7. Skunk Bottom said: So I am GMing DW games for some of my friends. I have combat figured out. Primary mission objectives, and missions arent too much of a problem. What I am really having a problem with is creating meaingful choices for my players. Im trying to create choices that are neither right or wrong, but have a meanful impact either right then, or at a later time. I also want the choices to cause some conflicts or indecision within the group. I'm trying to also have some of these choices come up in an organic manner. So it doesnt end up being just choice A, or choice B, but instead a whole range of choices that the players figure out instead of just being choice A or B that i present to them. Does anyone have any tips, or suggestions on how to help generate choices for the players? Thanks, Skunk Player driven games are the best games in my opinion. In order to deal with them you need to keep the game simple. Don't try and plan for everything. Here is what I like to do. Create a flowchart and answer simple yes or no questions. I have actually designed a sheet for this. I will start another post about my "Four Hour Frenzy" session design but creating a flowchart can help immensely. 1. Inserting the players into your game. Give them options. Allow them to choose how they will insert themselves into the mission. In the flow chart just ask yourself one question. Do they land at the insertion point, yes or no? Do not overcomplicate it. Come up with an outcome for yes and an outcome for no. What would happen if they didn't land at the predetermined site? If they did? 2. The hardest part is getting players to begin narrating the story by their own actions. Here is one of the hardest things for a GM to do - design your game around the characters. Always find a moment where every character can shine through non-combat. It can be very simple too - a single skill use can get a character involved. 3. Complicate the Mission. Design a simple mission to begin with. Then through choices of the players - make it complicated. All of a sudden through their choices the mission is now a race against time. Also, avoid making them afraid of performing skills. This can kill a game. I never punish skill failure in my games unless it is a really high degree of failure. The skill might fail but I don't create a situation that can kill the player because of the use of a skill. 4. Evolve your game from a simple template as the mission progresses. Again, simplicity is the answer. Keep it very simple and then let the players determine everything about the mission. Literally, let them try and create secondary objectives themselves. Give them a primary objective, that's it. Let them decide every facet of the mission based on intelligence they have, operational reports, etc… Let them do your work for you. They will and they will like it. Player driven games once they pick up steam the players like it. Never control the game. As a GM, you are the world not the storyteller… they are the storytellers. I really try to avoid having the person in charge tell the PC's what to do. My Deathwatch PC's are on their own with a specific overall mission - to locate and destroy the orc supply chain and cripple the orc Waargh! so that Imperial forces can win the war. So, the players basically find their targets by themselves and decide how to approach it. They are on their own with a few servitors, crew and an overall order. They are getting a lot of attention though, so in my head (and with a flow chart) I have started determining how I am going to strike back at the Kill-Team. Even then, they will have to decide everything. Also, don't play a character. Playing NPC's here or there is great but I completely avoid playing a fellow battle-brother in my games as it is too easy to throw the players in the right direction. I think they should expect that some choices will backfire on them and complicate the game.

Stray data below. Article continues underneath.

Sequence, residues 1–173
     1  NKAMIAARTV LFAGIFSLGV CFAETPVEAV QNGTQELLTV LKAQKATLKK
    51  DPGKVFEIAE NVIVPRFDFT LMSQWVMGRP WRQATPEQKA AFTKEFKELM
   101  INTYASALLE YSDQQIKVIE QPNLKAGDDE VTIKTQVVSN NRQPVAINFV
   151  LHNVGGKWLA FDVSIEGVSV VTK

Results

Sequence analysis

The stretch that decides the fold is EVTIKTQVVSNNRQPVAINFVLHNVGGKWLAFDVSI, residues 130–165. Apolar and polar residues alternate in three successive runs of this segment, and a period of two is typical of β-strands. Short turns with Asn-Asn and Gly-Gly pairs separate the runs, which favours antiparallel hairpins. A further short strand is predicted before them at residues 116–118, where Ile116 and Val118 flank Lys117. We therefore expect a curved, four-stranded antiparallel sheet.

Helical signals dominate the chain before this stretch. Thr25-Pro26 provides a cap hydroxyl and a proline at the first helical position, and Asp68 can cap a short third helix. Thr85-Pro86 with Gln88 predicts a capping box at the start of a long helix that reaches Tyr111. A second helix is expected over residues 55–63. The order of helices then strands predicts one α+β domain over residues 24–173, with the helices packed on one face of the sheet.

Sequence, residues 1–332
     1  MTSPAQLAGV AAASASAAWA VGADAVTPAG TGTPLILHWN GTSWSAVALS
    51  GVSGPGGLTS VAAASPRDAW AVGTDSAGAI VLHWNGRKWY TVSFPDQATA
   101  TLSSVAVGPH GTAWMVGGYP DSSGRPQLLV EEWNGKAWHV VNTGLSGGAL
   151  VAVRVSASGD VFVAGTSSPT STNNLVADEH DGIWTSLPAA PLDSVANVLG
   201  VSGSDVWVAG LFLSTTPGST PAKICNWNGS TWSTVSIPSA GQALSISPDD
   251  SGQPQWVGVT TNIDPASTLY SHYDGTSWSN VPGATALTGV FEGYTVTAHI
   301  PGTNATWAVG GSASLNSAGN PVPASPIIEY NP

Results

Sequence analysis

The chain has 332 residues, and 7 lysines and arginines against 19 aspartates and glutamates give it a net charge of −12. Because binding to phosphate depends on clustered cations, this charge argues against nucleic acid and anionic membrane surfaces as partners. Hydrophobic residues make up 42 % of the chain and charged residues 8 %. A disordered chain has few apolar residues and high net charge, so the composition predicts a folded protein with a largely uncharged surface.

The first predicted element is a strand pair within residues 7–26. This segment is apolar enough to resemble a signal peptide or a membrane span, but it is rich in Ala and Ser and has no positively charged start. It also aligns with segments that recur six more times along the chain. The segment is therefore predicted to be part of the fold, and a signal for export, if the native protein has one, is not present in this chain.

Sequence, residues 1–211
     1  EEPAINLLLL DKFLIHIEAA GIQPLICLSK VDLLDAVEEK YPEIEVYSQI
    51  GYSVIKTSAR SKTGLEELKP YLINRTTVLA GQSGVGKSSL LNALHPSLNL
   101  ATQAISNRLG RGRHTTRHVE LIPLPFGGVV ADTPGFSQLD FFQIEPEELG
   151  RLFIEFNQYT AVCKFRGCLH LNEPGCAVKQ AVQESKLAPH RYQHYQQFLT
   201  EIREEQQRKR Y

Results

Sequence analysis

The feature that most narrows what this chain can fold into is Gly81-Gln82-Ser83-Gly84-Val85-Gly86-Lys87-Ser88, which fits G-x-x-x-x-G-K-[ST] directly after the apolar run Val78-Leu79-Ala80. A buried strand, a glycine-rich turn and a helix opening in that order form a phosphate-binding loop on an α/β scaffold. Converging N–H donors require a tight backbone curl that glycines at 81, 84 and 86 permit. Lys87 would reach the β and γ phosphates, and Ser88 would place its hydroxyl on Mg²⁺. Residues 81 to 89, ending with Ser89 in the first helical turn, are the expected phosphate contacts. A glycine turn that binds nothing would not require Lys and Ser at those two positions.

8. WiseGuy said: I have been asked by one of my group that he wants to be a Deathwatch Chaplain. When he gets there he asked about Blessing a Undertaking / Person /Melee weapon or a Ranged Ammo Clip and giving out Purity Seals. I looked into it and the closest I could find was details was in Dark Herasy book "Blood of Martyrs" which have details listed for Clerics of a significant level. Any idea about when you learned folks think a Chaplain should be able to do these Services and how to sort out the Requis and game effects? Thanks Well, if you are playing a Rank 4+ (req. for Chaplain) then it should be fine to perform blessings. These should be performed in downtime. There should be material costs that should cut into the Chaplain's requisition for the next mission. Here are some ideas; 1. He needs to roll a skill in order to be successful. (Lore: Imperial Creed) 2. He should have to pay material costs from his requisition for the next mission. You will probably have to make some sort of conversion from the material costs used in Dark Heresy. If the skill roll fails, the requisition is lost for the mission and must be repaid after the next mission if he wants to try again. Performing the rites and blessings should take a lot of time. 3. Be careful when allowing a chaplain access to Dark Heresy and blessing the kill-team. I think the abilities he already has are focused pretty good. His Icon of Duty ability is awesome. Perhaps, just allowing them the same bonuses as an Oath would work well. 4. As a final note, a Chaplain is not a member of the Ecclesiarchy, they do not worship the Emperor in the same fashion. You might not allow him the same powers as one with a Faith Talent, like Pure Faith. If you do allow him to perform the blessings then you should reduce his fate for the next mission. Also, if you are going to combine the books you could make him take the talents. As far as in game effects from the blessings. I would stick to the services on page 126 of Blood of Martyrs. One of the things I am working on is creating Purity Seals that work in my game. The blessings work well. I would keep the material costs the same - a direct conversion to requisition. Sanctifying a weapon would probably be outside the reach of a Chaplain anyway (that would cost 500). I like the blessings because they are temporary shields of faith but I think that is a problem at the same time. Adeptus Astartes don't worship the Emperor as a god and therfore perhaps would not have the faith required to bless an item. Chaplains are a bit different and I would probably allow this in my game if we were able to work out a system that used up requisition (to get the oils and sacred items needed for the blessings) and that reduced the Chaplains fate (through the use of faith).